ORIGINAL RESEARCH article
Sec. General Cardiovascular Medicine
Volume 9 - 2022 | https://doi.org/10.3389/fcvm.2022.990188
Nabiximols effect on blood pressure and heart rate in post-stroke patients of a randomized controlled study
- 1Cardiology Clinic, Department of Internal Medicine and Medical Specialties, University of Genoa, Genova, Italy
- 2IRCCS Ospedale Policlinico San Martino, Genova, Italy
- 3Department of Neuroscience, Rehabilitation, Ophthalmology, Genetics, Maternal and Child Health, University of Genoa, Genova, Italy
- 4Department of Medical-Surgical Sciences and Biotechnologies, A. Fiorini Hospital, Sapienza University of Rome, Latina, Italy
- 5Department of Human Neurosciences, Sapienza University of Rome, Rome, Italy
- 6Laboratory for Industrial and Applied Mathematics (LIAM), Department of Mathematics and Statistics, York University, Toronto, ON, Canada
Background: Cannabinoids may be useful to treat pain, epilepsy and spasticity, although they may bear an increased risk of cardiovascular events. This study aims to evaluate the cardiovascular safety of nabiximols, a cannabis-based drug, in patients with spasticity following stroke, thus presenting an increased cardiovascular risk.
Methods: This is an ancillary study stemming from the SativexStroke trial: a randomized double-blind, placebo-controlled, crossover study aimed at assessing the effect of nabiximols on post-stroke spasticity. Patients were treated with nabiximols oromucosal spray or placebo and assessed before and after two phases of 1-month duration each. Only the phase with the active treatment was considered for each patient who completed the study. The average values of blood pressure (diastolic, systolic, differential) and heart rate from the first 5 days of the phase (lowest nabiximols dosage) were compared to the average values recorded during the last 5 days at the end of the phase (highest nabiximols dosage). Baseline comparisons between gender, stroke type and affected side and correlation between age and blood pressure and heart rate were performed. The study was registered with the EudraCT number 2016-001034-10.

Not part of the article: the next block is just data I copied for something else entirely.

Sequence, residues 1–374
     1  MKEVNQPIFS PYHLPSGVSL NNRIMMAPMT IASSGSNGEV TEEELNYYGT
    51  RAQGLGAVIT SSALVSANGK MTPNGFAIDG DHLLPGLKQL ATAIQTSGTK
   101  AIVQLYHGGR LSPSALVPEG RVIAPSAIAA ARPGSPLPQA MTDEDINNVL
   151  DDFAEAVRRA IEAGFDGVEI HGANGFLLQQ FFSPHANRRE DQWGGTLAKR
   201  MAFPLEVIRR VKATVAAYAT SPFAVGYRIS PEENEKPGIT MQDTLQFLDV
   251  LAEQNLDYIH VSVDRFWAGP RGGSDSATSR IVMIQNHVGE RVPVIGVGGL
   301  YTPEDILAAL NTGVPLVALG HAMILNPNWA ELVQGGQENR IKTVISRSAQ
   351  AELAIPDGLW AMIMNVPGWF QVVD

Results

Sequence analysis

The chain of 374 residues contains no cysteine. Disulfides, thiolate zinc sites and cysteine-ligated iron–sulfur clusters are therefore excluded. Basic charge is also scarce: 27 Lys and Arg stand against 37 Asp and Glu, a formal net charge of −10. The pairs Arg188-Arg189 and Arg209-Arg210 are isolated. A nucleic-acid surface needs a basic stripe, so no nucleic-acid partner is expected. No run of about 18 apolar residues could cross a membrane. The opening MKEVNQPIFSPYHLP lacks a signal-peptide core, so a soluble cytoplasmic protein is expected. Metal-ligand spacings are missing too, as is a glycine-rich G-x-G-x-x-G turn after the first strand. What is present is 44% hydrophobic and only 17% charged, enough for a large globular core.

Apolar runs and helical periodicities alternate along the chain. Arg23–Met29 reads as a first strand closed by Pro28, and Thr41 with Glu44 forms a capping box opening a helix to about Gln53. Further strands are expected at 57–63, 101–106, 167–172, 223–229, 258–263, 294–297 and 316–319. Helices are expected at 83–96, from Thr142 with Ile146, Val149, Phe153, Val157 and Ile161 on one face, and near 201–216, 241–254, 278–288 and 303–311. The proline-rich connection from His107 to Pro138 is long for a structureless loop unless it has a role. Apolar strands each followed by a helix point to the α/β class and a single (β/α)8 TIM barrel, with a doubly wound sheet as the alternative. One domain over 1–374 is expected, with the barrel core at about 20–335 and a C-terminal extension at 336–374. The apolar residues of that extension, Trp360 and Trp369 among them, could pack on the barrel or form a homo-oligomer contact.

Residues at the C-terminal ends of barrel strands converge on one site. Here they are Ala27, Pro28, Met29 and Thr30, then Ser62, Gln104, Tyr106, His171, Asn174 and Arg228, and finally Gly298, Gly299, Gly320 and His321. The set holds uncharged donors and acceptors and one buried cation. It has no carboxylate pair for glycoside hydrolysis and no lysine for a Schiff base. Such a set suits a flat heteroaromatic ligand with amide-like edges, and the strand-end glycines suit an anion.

Results: Thirty-four patients completed the study and were included in the analysis. Thirty-one were taking antihypertensive drugs and, among these, 12 were taking beta-blockers. During the study, no arrhythmic events were recorded, blood pressure and heart rate did not show pathological fluctuations, and no cardiovascular or cerebrovascular events occurred. At baseline blood pressure and heart rate were comparable concerning gender, stroke type and affected side. A significant direct correlation emerged between differential blood pressure and age and an inverse correlation between diastolic blood pressure and age. No correlation emerged between systolic blood pressure or heart rate and age. Blood pressure and heart rate did not change during nabiximols treatment compared to the baseline condition.
Conclusion: This ancillary study adds evidence that, in patients who already underwent a cerebrovascular accident, nabiximols does not determine significant blood pressure and heart rate variation or cardiovascular complications. These data support the cardiovascular safety of nabiximols, encouraging more extensive studies involving cannabinoids characterized by slow absorption rates.